In this scenario, Katherine would remain the legal mother of the child. Jennifer and Jillian, by virtue of the child arrangement order, would obtain parental responsibility. However, unlike a parental order or adoption order, a child arrangements order is not transformative in nature, and neither Jennifer nor Jillian would be legally recognised as the child’s parent.
As in scenario 1, if Katherine were to die intestate, the child would be considered under the intestacy provisions. Conversely, if Jennifer or Jillian were to die intestate, the child would not be considered under the intestacy provisions.
Whilst Jennifer and Jillian are prevented from applying for a parental order in the above case study (due to neither of them being biologically related to the child), even where there is a biological link between the intended parents and a child, problems can arise when trying to obtain parental orders. It is important that intended parents are not only aware of these problems, but also the effect and implications these situations have on a family unit when a parent dies intestate.
Without a formal order of the court, there may be unforeseen practical issues where a child may inherit under the intestacy rules when it wasn’t intended. Conversely, a child could find themselves disinherited from a parent’s estate under the intestacy rules because the legal relationships have not been properly considered.
During the Covid-19 pandemic, much of the focus has been on shoring up existing delivery and, where possible, extending arrangements if it is not possible to re-procure.
The Prime Minister announced on Tuesday 22 September a new range of restrictions to protect us from the Covid crisis, some of which will apply to charities.
Following the end of the possession stay on 21 September, Helen Tucker & Rebecca Sembuuze from our housing litigation team discuss the most recent guidance, priority cases and what to expect in court.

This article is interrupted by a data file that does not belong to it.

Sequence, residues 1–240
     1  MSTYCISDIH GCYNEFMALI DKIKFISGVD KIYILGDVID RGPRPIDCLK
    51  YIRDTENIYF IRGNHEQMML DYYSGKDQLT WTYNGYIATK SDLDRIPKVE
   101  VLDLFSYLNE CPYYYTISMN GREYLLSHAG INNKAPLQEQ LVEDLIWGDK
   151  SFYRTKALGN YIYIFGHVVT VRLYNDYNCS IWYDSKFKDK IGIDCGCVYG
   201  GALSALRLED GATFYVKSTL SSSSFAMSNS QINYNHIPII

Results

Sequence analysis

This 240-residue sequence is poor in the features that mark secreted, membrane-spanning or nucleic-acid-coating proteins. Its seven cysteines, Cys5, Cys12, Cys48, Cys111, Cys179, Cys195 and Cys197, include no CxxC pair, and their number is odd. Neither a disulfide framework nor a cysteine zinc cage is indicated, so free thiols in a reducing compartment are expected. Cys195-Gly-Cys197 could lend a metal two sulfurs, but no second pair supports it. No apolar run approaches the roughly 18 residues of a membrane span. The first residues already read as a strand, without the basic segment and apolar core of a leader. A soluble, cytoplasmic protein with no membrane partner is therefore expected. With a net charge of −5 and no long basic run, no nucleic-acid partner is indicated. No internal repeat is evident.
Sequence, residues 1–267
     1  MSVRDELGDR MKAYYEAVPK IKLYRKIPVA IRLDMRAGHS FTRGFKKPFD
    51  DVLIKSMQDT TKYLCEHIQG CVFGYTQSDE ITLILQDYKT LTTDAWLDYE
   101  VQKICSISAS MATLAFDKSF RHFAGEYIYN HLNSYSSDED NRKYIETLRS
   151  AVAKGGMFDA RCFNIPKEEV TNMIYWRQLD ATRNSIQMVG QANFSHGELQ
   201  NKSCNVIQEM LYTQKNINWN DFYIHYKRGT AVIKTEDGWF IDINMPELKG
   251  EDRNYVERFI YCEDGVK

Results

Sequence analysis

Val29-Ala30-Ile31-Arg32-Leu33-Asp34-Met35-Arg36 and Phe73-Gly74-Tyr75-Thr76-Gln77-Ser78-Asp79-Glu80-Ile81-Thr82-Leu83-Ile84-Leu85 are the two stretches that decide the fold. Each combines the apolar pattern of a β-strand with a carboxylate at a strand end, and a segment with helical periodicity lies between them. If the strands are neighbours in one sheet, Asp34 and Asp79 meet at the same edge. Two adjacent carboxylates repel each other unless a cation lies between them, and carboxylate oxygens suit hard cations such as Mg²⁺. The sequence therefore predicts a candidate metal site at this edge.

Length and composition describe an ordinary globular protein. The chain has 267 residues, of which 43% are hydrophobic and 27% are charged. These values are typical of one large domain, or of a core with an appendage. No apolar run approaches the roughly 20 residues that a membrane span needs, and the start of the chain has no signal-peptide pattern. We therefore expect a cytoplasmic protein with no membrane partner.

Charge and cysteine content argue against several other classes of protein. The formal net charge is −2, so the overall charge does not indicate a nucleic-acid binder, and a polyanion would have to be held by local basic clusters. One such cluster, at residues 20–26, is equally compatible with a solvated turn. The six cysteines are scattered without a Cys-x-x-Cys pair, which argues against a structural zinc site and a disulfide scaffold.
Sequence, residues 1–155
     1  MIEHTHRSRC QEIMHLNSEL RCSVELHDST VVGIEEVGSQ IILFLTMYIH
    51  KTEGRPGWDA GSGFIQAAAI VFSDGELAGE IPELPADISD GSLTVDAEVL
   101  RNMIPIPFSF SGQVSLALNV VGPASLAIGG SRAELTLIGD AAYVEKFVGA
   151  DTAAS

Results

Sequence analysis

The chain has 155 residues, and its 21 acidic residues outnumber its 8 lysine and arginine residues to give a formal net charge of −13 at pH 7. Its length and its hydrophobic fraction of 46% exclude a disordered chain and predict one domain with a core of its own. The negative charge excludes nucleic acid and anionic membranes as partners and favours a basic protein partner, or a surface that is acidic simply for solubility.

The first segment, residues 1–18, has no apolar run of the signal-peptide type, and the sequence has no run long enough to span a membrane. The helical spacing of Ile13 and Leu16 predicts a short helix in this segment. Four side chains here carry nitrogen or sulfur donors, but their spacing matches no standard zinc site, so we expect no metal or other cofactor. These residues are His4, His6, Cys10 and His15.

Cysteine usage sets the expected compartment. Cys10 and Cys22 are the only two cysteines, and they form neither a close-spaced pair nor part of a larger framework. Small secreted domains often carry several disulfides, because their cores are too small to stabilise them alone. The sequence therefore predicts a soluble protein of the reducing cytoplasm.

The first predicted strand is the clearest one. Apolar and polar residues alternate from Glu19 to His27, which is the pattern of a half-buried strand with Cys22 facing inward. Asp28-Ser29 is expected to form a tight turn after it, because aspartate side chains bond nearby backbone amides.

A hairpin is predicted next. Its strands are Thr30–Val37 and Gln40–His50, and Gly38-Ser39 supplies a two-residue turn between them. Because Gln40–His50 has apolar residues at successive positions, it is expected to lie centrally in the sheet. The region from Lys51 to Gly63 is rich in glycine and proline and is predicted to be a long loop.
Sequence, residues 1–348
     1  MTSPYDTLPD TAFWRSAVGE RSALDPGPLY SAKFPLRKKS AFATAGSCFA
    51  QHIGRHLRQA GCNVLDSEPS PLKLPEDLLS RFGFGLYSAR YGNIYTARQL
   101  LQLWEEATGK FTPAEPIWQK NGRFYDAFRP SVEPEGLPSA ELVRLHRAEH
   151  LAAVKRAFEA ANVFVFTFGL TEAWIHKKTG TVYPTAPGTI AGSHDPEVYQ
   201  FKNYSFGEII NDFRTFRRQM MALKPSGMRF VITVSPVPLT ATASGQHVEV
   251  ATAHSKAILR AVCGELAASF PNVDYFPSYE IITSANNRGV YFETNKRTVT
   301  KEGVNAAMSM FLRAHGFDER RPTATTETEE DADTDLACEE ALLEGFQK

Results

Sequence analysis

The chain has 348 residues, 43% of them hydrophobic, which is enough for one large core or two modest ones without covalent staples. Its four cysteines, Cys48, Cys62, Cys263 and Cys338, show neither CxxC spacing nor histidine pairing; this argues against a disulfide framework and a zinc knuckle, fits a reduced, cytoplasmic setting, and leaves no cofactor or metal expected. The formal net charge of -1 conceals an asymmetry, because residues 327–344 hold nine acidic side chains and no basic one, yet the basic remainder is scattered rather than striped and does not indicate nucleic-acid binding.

Covid-19 has resulted, on the whole, in a marked co-operation between contracting authorities and their suppliers as everybody focuses on maintaining delivery as far as possible.
Employment Tribunal rules in favour of claimants in minimum wage case – has the interpretation of “working time” changed?
As we enter a recession, we have been here before, and a key question is what did we learn and how can we benefit from that learning?
It is anticipated that as lockdown restrictions ease, and particularly with children and young adults returning to education, cases of meningitis will start to rise.
As we continue to emerge from lockdown measures and deal with local measures and the short and long term economic impact of Covid-19, local authorities will need to re-assess how services will be delivered for years to come.
The Government first announced plans for a shared ownership right to buy in October 2019. At the time the sector raised concerns about the impact the plans would have on housing associations ability to borrow. An election and a pandemic later the Government announced, during the CIH Housing Festival last week, the return of the right to shared ownership as part of its Affordable Homes Programme (AHP).
To receive invitations to our events, as well as information and articles on legal issues and sector developments that are of interest to you, please sign up to Newsroom.